Making climate scenarios more accessible

Science-based information is critical for sound decision-making. IIASA researchers are helping to make climate scenarios more user-friendly to enable all kinds of decision makers to effectively incorporate the valuable information such scenarios provide into their decision-making processes.

© Senses (2020), Climate Change Scenario Primer

Climate scenarios have featured in scientific studies for many years. Primarily based on computer simulations, they are however rather complicated and results are scattered across scientific publications. In an effort to help policymakers base their decisions on the best information available, IIASA researchers and colleagues at a number of other institutions have developed tools to help non-scientists understand and communicate climate change scenarios.

The SENSES platform is the first of its kind to provide the tools to use scenarios ranging from climate impacts to mitigation and energy options to a broader public beyond science. The platform offers a new way to access these scenarios so people can see for themselves what is at stake, and can base their decisions on the best information available. The scenarios can help policymakers and businesses, finance actors, and civil society alike to assess the threat of global warming and ways to limit it. The SENSES project (climate change ScENario ServicES) is part of the official European Research Area for Climate Services, supported by national ministries and the EU.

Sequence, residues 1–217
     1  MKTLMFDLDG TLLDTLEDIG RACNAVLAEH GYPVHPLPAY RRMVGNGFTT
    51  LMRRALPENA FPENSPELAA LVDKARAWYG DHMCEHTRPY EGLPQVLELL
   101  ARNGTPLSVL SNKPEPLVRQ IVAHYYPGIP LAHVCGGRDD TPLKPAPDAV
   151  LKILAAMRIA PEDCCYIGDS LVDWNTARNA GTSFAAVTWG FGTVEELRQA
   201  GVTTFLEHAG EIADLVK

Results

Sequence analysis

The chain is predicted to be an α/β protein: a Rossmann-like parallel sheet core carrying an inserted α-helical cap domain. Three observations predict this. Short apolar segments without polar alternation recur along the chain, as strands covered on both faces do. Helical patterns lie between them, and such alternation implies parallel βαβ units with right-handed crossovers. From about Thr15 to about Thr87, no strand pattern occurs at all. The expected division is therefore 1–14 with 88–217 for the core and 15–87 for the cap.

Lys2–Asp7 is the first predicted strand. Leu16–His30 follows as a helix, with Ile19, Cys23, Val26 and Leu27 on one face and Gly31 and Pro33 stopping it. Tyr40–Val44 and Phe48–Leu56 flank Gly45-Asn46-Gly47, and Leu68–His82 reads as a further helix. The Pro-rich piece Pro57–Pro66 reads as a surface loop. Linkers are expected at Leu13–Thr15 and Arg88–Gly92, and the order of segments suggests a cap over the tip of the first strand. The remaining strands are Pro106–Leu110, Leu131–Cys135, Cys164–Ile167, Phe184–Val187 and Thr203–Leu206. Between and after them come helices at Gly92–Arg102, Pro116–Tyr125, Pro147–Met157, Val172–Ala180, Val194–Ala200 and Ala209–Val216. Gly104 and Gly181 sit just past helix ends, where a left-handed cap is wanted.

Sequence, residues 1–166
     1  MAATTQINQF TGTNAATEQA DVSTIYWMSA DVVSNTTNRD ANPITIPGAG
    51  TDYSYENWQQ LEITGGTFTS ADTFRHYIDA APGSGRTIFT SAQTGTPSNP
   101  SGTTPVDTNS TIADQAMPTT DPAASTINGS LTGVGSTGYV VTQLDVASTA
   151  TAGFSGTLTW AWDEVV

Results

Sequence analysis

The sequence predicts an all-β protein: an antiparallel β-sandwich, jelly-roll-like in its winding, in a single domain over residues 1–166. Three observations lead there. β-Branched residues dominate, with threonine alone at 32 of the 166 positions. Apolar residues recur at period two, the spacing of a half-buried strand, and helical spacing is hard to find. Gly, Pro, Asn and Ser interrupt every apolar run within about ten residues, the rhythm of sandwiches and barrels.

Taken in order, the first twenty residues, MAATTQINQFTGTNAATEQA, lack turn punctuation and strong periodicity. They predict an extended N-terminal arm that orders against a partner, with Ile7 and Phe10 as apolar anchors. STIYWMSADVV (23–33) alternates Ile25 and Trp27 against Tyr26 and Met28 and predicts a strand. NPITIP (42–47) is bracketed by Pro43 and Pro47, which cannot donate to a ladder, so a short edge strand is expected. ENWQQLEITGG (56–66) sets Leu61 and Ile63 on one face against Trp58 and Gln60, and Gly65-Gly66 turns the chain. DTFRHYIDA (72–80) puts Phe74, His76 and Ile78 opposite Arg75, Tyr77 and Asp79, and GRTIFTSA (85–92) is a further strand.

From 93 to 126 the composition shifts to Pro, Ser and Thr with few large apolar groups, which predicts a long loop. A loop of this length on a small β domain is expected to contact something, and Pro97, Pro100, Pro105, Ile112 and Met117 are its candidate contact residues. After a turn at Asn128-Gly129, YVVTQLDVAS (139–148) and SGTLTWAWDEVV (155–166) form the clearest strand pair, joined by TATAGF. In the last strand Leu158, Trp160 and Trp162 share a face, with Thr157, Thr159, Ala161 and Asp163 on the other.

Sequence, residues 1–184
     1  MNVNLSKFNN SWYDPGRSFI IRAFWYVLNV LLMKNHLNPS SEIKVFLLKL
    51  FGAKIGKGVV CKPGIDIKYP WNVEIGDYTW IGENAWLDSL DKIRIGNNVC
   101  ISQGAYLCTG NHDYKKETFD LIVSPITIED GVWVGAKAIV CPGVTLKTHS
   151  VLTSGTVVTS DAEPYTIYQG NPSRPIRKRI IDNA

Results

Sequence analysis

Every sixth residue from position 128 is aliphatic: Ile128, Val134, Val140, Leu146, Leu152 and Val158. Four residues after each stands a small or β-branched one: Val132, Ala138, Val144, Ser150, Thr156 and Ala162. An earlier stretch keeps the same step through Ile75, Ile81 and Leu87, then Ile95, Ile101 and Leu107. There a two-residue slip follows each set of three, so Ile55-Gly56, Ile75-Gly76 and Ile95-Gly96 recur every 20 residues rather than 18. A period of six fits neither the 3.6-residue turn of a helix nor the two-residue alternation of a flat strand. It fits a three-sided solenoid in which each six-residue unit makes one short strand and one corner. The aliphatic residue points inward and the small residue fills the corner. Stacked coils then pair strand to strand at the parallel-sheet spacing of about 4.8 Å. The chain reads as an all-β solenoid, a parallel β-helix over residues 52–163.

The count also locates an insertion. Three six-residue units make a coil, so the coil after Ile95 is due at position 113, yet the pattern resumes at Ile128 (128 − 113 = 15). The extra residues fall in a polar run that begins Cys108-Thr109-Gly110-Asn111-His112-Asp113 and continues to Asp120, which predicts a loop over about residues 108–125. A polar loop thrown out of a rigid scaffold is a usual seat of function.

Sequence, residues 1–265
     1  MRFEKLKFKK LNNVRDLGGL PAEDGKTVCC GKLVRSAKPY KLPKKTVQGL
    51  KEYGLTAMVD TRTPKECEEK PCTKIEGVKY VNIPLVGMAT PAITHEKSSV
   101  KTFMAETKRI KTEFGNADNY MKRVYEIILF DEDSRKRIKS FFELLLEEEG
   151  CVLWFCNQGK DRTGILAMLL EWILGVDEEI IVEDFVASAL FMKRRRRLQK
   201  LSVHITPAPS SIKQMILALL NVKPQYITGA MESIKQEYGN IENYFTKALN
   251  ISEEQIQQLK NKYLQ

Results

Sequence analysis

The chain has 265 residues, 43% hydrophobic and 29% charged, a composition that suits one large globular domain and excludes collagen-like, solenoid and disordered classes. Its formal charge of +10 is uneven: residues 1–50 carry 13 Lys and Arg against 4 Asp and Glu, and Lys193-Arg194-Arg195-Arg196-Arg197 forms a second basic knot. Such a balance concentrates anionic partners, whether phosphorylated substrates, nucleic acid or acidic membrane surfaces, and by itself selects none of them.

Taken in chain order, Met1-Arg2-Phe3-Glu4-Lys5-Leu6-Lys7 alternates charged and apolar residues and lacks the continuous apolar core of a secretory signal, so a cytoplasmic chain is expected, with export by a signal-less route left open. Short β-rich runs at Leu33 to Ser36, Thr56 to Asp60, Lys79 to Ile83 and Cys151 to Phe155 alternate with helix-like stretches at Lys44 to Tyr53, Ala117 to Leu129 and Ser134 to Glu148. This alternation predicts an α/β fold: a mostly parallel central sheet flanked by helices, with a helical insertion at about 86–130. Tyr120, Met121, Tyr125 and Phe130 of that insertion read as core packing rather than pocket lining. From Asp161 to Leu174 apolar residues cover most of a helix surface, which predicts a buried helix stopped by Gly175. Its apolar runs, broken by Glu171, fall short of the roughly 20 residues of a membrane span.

The NGFS Scenario Explorer, in turn, will enable financial specialists to work with scenario data. It hosts a set of transition scenario results selected for the Network for Greening the Financial System (NGFS) – a group of 66 central banks and supervisors around the globe who take an active interest in advancing the transition toward a sustainable world economy. The scenarios explore future changes to the energy system and the global economy if climate targets are met or not, and whether the transition to a low-carbon future happens in an orderly or disorderly fashion. The set of scenarios will inform the climate stress tests that key central banks like the Bank of England or the Banque de France are planning to apply to the financial institutions they regulate.

Finding solutions to tackle the climate challenge is something we can only do together. It is clear that the process needs to include many different voices and perspectives and enabling decision makers to use climate scenarios from science is one important element. These tools are the first step in providing a new form of climate service – climate change scenario services.

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